Horticulturae 2022, 8(5), 392; https://doi.org/10.3390/horticulturae8050392 - 28 Apr 2022
Viewed by 1128
Abstract
This study examined the photosynthetic responses of two sunflower hybrids to elevated temperatures and excess light intensity in the flowering stage by measuring the chlorophyll a fluorescence (ChlF) under morning and afternoon field conditions to determine the photosynthetic pigment contents and the relative [...] Read more.
This study examined the photosynthetic responses of two sunflower hybrids to elevated temperatures and excess light intensity in the flowering stage by measuring the chlorophyll a fluorescence (ChlF) under morning and afternoon field conditions to determine the photosynthetic pigment contents and the relative accumulation of photosynthetic proteins. The morning environmental conditions were considered optimal, while the afternoon was characterised by elevated temperatures and excess light intensity. The minimum fluorescence intensity (F0), the electron-flux-reducing end electron acceptors at the photosystem I acceptor side per reaction centre (RE0/RC), and the D1 protein had significant, high, and positive correlations with the environmental conditions, which indicates that they were the most useful in the sunflower-stress-response research. In hybrid 7, the elevated temperatures and the excess light intensity resulted in the inactivation of the oxygen-evolving complex, which was indicated by the positive L, K, and J steps, the increase in the maximum quantum yield of PSII (TR0/ABS), the decrease in the electron transport further than the primary acceptor QA (ET0/(TR0-ET0)), the reduction in the performance index (PIABS), and the higher relative accumulation of the light-harvesting complex of the photosystem (LHCII). Hybrid 4 had smaller changes in the fluorescence curves in phases O–J and J–I, and especially in steps L, K, J, and I, and a higher PIABS, which indicates a more efficient excitation energy under the unfavourable conditions. As the tested parameters were sensitive enough to determine the significant differences between the sunflower hybrids in their photosynthetic responses to the elevated temperatures and excess light intensity in the flowering stage, they can be considered useful selection criteria. The development of more adaptable sunflower hybrids encourages sustainable sunflower production under stressful growing conditions. Full article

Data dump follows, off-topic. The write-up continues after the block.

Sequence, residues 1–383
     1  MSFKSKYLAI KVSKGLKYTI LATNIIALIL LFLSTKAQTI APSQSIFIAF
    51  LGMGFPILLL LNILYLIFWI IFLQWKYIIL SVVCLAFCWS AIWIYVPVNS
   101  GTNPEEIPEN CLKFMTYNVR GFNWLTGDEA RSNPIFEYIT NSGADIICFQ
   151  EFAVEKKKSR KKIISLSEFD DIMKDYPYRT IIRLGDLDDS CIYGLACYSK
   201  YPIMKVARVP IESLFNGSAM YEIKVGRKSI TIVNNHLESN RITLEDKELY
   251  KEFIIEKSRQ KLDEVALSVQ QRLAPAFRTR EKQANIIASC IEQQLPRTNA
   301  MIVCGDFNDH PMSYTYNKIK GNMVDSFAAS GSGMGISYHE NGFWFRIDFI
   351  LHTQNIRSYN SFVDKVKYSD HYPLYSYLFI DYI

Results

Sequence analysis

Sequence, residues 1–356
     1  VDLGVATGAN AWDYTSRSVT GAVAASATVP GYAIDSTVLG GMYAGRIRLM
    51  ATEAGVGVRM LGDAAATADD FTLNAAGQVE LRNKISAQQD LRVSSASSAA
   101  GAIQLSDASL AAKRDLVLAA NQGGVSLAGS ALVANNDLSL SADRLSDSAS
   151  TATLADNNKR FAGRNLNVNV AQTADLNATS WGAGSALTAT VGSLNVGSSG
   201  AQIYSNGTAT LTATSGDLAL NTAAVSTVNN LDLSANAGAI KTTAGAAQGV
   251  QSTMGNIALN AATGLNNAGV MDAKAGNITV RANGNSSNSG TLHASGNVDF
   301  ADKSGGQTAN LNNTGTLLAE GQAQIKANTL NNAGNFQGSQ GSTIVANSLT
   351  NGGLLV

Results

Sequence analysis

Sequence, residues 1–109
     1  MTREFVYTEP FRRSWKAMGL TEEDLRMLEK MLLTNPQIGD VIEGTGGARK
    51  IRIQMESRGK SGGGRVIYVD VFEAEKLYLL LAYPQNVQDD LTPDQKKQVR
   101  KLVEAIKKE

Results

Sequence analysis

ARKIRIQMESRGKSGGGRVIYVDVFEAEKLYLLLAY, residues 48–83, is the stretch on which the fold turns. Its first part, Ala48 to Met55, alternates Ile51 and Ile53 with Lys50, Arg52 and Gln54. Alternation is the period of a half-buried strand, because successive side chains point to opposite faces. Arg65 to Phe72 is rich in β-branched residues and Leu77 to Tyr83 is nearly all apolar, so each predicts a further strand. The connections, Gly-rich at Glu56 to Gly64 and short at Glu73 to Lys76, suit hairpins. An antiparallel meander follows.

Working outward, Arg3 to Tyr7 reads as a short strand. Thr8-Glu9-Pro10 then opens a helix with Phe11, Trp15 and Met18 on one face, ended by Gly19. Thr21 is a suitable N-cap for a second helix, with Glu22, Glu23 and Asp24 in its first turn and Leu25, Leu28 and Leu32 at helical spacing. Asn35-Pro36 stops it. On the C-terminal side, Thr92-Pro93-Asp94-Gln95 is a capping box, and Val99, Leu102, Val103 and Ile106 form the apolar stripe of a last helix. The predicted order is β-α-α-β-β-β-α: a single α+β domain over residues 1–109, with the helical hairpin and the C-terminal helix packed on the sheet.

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Article
The Effective Role of Nano-Silicon Application in Improving the Productivity and Quality of Grafted Tomato Grown under Salinity Stress